Chapter 5- How Can Students Learn From Failure?
Failure- such a scary and negative word. To me, failure has always been a glaring demon that rears its ugly head every time I have difficulties at home with my children or my husband. I have never looked at failure as a positive, at least not until having worked through this book. As I mentioned in my “Happy New Year” post, this is an area that has been a huge struggle for me, and it is an area that I am determined to change. Failure should be looked at as an opportunity to learn, to grow and to use those critical thinking skills. It will take a lot of self-talk during those difficult times when I want to think of myself as a failure.
In the classroom, the difficult task will be to teach the students about the benefits of failure. The book suggests that the best way to do this is to teach the students about the brain. There are many videos on YouTube that can help teach about mindsets and the brain.
Here are a couple that I have showed to my classroom:
I also had the students do some research on the brain so that they understood more about the parts to the brain, what neurons do and any fun facts they found that were interesting to them.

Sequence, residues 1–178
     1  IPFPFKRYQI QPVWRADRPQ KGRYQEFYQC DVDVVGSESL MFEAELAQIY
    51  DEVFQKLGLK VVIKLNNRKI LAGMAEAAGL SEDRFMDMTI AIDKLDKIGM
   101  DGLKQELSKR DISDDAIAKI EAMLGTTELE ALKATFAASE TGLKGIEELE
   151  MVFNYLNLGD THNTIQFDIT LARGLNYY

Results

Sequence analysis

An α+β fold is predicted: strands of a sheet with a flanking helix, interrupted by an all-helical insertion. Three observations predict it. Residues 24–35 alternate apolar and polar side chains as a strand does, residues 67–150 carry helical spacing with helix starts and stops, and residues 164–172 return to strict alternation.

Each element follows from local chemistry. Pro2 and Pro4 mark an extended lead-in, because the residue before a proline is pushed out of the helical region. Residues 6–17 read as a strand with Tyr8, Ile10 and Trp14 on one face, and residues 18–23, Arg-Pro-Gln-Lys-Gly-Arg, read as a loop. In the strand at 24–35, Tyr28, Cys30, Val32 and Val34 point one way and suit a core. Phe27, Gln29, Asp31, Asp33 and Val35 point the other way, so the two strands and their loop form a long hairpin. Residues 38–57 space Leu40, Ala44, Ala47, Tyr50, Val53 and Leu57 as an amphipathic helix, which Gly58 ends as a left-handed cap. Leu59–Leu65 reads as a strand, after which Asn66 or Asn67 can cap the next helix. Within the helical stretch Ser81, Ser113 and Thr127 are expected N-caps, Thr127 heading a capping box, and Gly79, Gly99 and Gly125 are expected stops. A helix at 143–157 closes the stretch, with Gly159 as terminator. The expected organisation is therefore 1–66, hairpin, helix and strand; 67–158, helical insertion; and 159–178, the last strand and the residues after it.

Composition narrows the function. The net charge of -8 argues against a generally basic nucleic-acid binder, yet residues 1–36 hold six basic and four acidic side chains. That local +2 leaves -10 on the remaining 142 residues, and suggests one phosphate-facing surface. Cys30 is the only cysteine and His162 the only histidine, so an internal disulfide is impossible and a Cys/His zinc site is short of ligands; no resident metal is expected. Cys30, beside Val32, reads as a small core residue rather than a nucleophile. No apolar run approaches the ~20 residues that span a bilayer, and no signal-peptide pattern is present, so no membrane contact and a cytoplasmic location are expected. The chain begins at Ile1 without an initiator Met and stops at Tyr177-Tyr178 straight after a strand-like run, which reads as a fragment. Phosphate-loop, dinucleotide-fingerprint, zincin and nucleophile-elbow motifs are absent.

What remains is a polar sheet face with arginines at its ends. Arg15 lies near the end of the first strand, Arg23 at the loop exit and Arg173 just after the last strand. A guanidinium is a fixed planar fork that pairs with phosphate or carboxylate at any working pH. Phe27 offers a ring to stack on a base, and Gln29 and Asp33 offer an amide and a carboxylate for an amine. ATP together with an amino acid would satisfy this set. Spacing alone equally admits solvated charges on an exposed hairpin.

Another topic that is brought up in this chapter is that of rewarding students. As someone who has used a lot of extrinsic rewards to motivate my students in my learning assistance blocks, I have a lot to learn in how to use more intrinsic rewards.
1. What is the difference between extrinsic and intrinsic rewards? Give examples of different way you use to motivate your students. Ar they intrinsic or extrinsic?
2. How will you teach your students about the benefits of failure?
Chapter 6- What Messages Should Parents Hear About Growth Mindset?
Everyone knows that parents play a key role in the lives and education of their children and should of course be informed about their learning. It is also very important that they be involved in the education of growth mindset. What a child hears at home can make or break their learning at school. If parents are continually supporting a fixed mindset while the child is at home, it will be very difficult for a growth mindset to sink in.
I have yet to inform my parents about the students’ learning about the growth mindset. I am not sure how to do this effectively. I do know that the students have been talking about the brain while they are at home, but we have not gone much further than that. There is a newsletter blurb example in the appendix of the book to teach/talk to parents about the growth mindset. I am not sure that this would be enough. I also thought that it would be great to have an open house night where the students could teach their parents about the growth mindset. I have also thought that Student-led conferences might be the best time. This is still an uncertain area for me. I am hopeful that I will get a better idea in the very near future.
1. How will you inform and teach parents about growth mindset?
2. What messages should parents hear about growth mindset?